Red Kites regularly fly over the wetlands at Heather Farm on Horsell Common. Such a glorious sight! I wanted to use the photos I took yesterday to try to convey a sense of the movement as this kite swept in a lazy arc across the wetlands. Rising and falling on unseen thermals the kites can suddenly shrink from your vision as they’re carried ever higher. Of course their vision extends far beyond our own! As the kite soars out of sight it’s probably already got its’ eyes on something a mile or more away. Have a great week everyone!
My message to the politicians of this country! I know our country is split. Even my family is split on what they believe! I am so fed up with the way this has been handled from the moment David Cameron decided it was a great idea to put forward a Referendum without even providing proper information on every possible outcome of leaving the EU. I’m not angry with anyone who happens to have a different opinion than me but I am angry with the leaders of this country for misrepresentation, misinformation (on all sides!) and a lack of guidance. We’re on the edge of a dangerous precipice and if some politicians want to take a leap of faith off it then fine, go ahead, just don’t think you can drag me over with you!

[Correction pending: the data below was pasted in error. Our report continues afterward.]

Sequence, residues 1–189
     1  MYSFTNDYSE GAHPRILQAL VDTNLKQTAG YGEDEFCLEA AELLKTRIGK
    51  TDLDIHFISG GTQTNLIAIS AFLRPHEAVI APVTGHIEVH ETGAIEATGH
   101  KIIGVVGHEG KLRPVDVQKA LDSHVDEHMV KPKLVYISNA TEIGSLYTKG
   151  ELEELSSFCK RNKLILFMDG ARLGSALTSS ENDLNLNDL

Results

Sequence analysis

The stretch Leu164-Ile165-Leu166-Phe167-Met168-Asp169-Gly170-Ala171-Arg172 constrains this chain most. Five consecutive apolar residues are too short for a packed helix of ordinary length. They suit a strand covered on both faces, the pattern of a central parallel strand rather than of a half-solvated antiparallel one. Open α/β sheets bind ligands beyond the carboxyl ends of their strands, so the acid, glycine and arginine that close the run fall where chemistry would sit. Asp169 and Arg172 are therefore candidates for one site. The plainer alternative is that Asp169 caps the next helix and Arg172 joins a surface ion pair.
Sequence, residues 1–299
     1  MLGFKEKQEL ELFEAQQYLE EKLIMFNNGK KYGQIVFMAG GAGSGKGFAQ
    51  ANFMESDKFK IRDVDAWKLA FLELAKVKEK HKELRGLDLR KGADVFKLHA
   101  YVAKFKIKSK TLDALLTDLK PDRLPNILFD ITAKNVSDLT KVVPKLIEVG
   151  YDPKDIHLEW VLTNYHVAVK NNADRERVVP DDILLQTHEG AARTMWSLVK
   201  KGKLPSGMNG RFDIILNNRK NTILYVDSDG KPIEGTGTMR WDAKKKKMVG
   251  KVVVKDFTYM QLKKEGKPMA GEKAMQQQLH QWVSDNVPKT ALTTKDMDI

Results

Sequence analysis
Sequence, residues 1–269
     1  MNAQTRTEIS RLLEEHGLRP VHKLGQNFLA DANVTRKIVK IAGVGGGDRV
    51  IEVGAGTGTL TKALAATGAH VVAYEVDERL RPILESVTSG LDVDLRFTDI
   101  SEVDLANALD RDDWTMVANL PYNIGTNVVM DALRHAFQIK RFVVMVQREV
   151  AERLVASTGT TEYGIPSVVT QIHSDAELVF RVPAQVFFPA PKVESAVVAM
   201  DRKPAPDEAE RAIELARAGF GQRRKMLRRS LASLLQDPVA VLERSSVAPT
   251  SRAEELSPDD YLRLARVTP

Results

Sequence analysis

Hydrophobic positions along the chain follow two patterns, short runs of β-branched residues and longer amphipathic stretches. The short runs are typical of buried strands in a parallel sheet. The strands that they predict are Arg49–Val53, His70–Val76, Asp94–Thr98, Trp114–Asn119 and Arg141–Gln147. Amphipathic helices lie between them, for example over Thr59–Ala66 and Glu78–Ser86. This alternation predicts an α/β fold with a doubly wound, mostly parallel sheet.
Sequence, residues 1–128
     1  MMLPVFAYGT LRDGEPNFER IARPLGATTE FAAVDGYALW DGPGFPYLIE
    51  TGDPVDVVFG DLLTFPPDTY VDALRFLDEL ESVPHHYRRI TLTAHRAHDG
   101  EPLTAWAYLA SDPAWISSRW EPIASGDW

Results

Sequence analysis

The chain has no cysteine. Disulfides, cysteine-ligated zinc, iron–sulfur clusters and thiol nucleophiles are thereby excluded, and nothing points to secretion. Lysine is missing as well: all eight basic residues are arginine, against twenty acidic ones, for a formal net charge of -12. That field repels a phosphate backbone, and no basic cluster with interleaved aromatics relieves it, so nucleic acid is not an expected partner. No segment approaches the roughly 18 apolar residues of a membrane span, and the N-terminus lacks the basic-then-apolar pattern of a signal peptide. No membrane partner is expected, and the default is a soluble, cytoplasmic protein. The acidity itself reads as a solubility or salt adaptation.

When tawny owlets are only about five weeks old they leave the nest. They’re not fledging yet, they’re branching! The staff at St James’s Park discovered that tawny’s had returned to the park after an absence of twelve years, when they discovered one of the branched owlets in the back of a tractor. It’s not unusual for branching owlets to fall off their perch. Most of the time they will be absolutely fine and the advice is to leave them where they are unless they are lying down, showing other signs of distress or are in immediate danger. They will sit still on the ground until nightfall when they are known to use their strong talons to climb back into the tree! Even if they don’t return quickly, the parents will carry on feeding the owlet on the ground. Gardeners at the park were actually able to return this little owlet to it’s mother in the tree!